In this Washington Post op-ed, Scholars Brian Calfano (associate professor of political science and journalism at the University of Cincinnati) and Nazita Lajevardi (assistant professor of political science at Michigan State University) discuss Muslim identity and here are their findings:
— Despite insinuations that Muslims living in the United States aren’t “American” enough, Muslim Americans express a strong commitment to this country. See below surveys.
** National surveys of Muslim Americans conducted by the Pew Research Center in 2007 and 2011 asked respondents whether they identify first as “American,” “Muslim” or “both.” In both years, about 27 percent of Muslims said “American” and 18 percent said “both.” The largest minority, about 48 percent, identified primarily as “Muslim.”
** In its 2017 survey, Pew asked a different question: how much “pride” Muslims feel in being American. Here, Muslim Americans were no different from Americans as a whole. Nearly all Muslims (92 percent) “completely” or “mostly” agreed that they are “proud to be an American,” compared to 91 percent of the general public. In fact, a larger fraction of Muslims said “completely” agree (66 percent vs. 60 percent among all Americans).
— Of course, despite what surveys ask, Muslims in the United States do not necessarily walk around thinking of themselves in terms of religious or national identity. Like non-Muslims, Muslims are also parents, children, spouses, teachers, doctors, lawyers, construction workers and so on. Indeed, in framing identity in terms of faith or nation, surveys may unintentionally discourage Muslims from living the democratic citizenship that many see as quintessentially American.
— In 2012, these researchers conducted an experiment on a national sample of Muslim Americans ages 18-25. Participants were randomly divided into three groups based on what questions appeared at the very beginning of the survey. One group was asked whether they identified as Muslim, American, or both — just as in the earlier Pew surveys. The second group was asked questions that, while not using the term “Muslim,” gauged their commitment to a religious faith. The third group did not initially see either set of questions.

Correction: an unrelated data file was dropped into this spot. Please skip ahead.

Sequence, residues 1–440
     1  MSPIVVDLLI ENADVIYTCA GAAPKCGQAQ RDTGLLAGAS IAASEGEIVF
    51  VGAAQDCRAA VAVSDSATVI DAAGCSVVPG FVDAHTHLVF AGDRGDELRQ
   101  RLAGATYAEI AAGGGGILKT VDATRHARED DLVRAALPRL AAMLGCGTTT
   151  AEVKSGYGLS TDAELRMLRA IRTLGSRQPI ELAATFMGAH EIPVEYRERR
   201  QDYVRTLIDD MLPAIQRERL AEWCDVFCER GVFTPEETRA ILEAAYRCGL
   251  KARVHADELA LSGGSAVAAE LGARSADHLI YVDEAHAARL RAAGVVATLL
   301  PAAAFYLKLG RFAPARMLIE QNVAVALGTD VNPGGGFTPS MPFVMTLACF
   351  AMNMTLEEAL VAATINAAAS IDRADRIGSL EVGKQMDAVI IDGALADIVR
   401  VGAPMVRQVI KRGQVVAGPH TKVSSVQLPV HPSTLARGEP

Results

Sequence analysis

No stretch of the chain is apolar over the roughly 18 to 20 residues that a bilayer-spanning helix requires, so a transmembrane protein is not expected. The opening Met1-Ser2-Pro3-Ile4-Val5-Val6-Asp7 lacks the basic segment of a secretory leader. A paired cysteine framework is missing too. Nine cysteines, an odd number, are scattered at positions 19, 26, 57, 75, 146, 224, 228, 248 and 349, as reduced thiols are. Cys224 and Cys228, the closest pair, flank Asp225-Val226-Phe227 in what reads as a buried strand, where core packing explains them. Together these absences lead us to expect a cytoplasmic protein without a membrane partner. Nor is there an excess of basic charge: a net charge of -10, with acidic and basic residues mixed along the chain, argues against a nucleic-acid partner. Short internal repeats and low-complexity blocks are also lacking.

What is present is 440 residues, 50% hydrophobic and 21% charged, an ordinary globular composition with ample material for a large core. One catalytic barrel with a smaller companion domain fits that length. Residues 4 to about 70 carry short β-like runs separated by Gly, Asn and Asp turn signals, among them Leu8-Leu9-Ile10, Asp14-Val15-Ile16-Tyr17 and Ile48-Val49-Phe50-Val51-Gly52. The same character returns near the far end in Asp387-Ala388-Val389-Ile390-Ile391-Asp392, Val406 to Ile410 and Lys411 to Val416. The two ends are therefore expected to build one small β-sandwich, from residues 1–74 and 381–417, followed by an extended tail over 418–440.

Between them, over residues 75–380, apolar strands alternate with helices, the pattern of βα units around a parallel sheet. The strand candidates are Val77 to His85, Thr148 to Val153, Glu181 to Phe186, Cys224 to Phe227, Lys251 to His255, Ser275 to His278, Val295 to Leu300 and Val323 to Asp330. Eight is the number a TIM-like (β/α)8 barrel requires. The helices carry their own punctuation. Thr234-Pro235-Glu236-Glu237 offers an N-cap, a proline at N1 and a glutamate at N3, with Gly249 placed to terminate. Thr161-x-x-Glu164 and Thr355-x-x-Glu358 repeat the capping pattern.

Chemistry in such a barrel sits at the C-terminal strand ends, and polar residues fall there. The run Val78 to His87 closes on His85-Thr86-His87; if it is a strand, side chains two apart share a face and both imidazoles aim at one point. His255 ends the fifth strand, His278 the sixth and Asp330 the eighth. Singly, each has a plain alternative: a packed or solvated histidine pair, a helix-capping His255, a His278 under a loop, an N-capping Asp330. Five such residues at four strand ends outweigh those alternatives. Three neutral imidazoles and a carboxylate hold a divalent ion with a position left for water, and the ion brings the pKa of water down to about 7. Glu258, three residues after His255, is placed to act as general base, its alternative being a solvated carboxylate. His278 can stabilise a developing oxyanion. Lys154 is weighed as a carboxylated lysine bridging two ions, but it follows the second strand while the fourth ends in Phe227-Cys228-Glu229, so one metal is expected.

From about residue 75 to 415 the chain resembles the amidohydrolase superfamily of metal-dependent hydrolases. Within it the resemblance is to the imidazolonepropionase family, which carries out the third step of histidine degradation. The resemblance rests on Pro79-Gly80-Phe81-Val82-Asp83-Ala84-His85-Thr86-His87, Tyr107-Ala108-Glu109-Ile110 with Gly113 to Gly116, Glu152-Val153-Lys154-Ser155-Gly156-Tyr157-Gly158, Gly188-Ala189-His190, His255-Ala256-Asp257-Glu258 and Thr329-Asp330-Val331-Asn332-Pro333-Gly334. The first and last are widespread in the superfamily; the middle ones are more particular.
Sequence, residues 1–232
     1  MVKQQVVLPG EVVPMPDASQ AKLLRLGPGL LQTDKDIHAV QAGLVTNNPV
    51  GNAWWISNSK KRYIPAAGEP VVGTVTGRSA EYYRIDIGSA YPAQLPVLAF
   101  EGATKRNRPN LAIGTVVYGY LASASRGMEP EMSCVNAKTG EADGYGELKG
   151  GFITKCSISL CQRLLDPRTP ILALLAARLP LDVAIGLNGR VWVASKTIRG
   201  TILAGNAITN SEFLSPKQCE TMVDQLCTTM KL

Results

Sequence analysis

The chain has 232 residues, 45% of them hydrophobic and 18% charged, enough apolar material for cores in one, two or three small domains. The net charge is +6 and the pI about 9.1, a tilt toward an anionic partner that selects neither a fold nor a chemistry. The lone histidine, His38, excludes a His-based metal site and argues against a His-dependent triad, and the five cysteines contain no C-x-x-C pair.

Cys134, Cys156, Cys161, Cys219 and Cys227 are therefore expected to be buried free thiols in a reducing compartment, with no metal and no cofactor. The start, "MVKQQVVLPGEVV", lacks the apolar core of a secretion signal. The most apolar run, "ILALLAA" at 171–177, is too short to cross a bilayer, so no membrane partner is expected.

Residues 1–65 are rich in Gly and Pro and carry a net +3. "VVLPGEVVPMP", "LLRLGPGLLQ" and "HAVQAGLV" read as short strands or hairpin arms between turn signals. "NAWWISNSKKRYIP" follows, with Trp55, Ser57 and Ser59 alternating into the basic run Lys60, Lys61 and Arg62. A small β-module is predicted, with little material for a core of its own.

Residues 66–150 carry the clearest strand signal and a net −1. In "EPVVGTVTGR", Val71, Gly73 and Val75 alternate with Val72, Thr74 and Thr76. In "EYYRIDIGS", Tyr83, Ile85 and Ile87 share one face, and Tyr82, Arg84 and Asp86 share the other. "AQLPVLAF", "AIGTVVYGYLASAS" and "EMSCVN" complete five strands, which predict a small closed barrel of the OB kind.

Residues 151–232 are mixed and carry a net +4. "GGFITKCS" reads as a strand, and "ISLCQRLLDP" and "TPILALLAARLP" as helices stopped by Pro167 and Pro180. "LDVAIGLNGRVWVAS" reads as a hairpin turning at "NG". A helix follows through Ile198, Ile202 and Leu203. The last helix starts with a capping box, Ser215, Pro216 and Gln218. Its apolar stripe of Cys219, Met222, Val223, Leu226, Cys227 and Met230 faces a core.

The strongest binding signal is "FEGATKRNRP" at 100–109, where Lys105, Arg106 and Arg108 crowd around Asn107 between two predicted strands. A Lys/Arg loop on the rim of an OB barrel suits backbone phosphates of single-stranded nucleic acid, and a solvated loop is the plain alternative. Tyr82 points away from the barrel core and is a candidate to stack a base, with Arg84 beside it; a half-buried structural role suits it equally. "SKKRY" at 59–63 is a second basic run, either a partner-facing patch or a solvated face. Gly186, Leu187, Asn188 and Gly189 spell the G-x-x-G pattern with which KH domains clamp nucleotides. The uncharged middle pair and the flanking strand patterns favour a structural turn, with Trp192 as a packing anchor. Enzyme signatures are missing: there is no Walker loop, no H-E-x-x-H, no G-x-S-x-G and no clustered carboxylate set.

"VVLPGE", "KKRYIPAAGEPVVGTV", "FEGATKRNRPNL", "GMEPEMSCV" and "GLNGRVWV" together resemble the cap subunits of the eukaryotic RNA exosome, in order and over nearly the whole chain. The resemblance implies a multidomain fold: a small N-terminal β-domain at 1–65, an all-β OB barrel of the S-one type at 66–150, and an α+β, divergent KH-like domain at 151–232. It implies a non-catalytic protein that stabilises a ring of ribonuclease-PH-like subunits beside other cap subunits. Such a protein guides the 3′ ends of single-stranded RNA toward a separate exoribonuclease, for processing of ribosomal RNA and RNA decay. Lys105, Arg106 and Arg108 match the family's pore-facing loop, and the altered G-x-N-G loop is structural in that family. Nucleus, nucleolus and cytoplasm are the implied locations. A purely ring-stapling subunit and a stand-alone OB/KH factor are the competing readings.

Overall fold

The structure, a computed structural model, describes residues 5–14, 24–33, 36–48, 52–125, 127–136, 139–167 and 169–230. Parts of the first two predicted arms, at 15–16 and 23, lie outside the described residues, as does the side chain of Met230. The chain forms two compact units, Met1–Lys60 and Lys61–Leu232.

** When members of the first group — and particularly women — were asked about their American/Muslim identity, they reported less interest in politics, compared with those who weren’t asked either set of questions. For one, they were less likely to say that they were motivated to engage in politics because of various reasons, such as a sense of obligation or a feeling of marginalization. Moreover, they were less likely to report engaging in actual political activity, such as making donations to or volunteering for politics campaigns, engaging in protests, contacting an elected official, and discussing politics in the household. This didn’t happen when young Muslims were asked the questions about their commitment to a religious faith.
** Although this experiment was conducted only among younger Muslims, it suggests that the very way in which politics forces Muslims to think about their identity — where “Muslim” and “American” could be alternatives — may have a politically demobilizing effect.